- By Thomas E. RicksThomas E. Ricks covered the U.S. military for the Washington Post from 2000 through 2008.
The other day I was speaking on an Army base to a bunch of bright officers. Talking and listening, I came away with this thought: The fundamental problem in 21st century American civil-military relations is that we need presidents willing to listen and learn from dissenting generals — and generals who know how to dissent in strategic discussions, and are willing to do so.
This is not just a hit on President Obama, though I think he has stumbled in this area with Admiral Mullen and General Mattis.
Think, for example, of Tommy Franks, unable to see that Phase IV of the Iraq war was his responsibility, and that if he thought it wasn’t, be willing to send up a rocket about that. And think of President Bush, seeking consensus in discussions of Iraq, rather than using those sessions to explore assumptions and bring differences to the fore — which is the essence of strategy. If you don’t solve civil-military splits around the table, they will persist in the field, as happened with General Sanchez and Ambassador Bremer in Iraq in 2003-04.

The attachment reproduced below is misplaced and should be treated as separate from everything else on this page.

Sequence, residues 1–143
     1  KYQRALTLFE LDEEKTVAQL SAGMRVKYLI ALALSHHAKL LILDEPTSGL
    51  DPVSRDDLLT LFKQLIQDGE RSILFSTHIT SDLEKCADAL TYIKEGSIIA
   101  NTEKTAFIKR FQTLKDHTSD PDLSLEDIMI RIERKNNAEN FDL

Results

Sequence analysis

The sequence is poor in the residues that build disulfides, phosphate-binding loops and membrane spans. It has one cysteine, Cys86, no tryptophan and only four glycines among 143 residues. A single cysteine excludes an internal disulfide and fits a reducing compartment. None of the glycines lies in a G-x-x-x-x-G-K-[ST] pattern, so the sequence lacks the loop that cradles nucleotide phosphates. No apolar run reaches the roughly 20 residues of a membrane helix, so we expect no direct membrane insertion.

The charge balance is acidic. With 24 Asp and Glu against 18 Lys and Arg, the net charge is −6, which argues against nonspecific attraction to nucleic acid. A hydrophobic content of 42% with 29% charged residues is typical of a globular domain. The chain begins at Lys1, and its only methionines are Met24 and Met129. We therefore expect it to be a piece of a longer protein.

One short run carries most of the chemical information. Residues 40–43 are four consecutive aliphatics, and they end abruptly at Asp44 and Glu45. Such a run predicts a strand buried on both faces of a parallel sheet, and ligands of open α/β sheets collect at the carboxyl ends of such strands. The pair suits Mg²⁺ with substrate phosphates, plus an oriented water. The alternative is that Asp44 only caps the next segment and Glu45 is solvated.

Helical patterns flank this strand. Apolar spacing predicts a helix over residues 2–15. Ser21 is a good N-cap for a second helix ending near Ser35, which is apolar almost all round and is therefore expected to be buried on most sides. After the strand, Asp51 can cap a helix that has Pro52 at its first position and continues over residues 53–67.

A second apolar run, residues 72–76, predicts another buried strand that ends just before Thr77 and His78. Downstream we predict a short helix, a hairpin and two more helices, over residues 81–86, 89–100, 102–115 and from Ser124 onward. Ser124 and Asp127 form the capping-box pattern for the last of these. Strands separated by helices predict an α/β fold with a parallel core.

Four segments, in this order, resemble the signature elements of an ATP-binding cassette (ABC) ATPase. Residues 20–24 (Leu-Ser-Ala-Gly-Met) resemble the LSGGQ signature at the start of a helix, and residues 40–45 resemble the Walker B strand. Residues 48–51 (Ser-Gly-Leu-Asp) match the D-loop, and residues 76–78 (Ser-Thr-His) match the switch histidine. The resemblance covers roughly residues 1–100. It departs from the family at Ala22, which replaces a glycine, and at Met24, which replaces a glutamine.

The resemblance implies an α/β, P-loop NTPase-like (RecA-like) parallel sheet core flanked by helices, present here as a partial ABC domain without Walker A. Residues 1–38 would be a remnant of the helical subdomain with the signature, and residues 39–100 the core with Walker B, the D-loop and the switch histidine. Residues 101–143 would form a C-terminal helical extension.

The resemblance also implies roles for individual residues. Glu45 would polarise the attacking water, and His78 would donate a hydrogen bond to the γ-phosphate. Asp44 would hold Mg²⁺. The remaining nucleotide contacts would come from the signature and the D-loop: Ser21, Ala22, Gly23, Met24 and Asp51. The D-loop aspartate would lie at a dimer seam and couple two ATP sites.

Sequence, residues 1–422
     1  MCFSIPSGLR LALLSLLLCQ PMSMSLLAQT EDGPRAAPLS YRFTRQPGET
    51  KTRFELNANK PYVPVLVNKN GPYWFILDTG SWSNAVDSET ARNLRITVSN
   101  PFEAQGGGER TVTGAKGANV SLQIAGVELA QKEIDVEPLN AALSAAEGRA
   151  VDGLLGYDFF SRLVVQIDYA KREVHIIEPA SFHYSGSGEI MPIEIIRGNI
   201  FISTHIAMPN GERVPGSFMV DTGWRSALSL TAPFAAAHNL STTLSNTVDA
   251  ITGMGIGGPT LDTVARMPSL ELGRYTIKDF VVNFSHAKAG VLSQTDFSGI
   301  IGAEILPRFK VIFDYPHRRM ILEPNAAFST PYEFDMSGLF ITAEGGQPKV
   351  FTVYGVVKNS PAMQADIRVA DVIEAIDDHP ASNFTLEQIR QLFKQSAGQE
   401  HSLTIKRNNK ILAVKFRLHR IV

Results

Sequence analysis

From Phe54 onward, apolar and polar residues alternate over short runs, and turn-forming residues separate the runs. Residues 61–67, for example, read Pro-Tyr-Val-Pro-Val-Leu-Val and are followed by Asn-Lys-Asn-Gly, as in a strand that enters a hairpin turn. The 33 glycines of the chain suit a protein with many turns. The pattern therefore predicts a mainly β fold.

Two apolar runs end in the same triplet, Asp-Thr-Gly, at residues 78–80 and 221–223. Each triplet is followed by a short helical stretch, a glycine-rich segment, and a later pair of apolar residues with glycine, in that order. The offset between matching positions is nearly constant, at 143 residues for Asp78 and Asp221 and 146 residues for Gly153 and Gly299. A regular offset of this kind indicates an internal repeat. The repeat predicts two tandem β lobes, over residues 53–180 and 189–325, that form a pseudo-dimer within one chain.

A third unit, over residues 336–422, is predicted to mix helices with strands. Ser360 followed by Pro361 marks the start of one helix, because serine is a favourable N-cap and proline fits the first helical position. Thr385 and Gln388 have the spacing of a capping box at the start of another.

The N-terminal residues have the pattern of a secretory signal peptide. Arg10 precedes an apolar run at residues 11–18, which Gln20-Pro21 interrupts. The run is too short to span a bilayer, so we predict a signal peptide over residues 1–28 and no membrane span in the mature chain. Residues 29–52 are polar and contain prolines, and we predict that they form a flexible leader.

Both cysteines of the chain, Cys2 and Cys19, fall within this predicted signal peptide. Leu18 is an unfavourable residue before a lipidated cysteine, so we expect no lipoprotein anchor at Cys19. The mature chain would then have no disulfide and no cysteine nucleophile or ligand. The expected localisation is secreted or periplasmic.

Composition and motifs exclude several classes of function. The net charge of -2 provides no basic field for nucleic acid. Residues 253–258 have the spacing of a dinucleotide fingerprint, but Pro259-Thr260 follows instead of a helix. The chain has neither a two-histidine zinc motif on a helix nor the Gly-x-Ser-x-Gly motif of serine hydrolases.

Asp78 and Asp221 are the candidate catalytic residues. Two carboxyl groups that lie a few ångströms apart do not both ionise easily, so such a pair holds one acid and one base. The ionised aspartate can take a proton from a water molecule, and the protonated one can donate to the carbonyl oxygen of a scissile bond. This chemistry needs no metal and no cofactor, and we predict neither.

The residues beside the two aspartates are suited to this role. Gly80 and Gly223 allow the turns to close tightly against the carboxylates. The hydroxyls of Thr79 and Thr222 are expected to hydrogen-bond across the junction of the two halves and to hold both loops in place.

Remember, if you are comfortable while making strategy, you probably aren’t making strategy, you are just listing goals.
Getting generals who are willing and able to educate their presidents in strategic thinking, and presidents willing to respond in kind — yeah, that’s the hard part.
Daniel W. Drezner is professor of international politics at the Fletcher School of Law and Diplomacy at Tufts University and a senior editor at The National Interest. Prior to Fletcher, he taught at the University of Chicago and the University of Colorado at Boulder. Drezner has received fellowships from the German Marshall Fund of the United States, the Council on Foreign Relations, and Harvard University. He has previously held positions with Civic Education Project, the RAND Corporation, and the Treasury Department.| Daniel W. Drezner |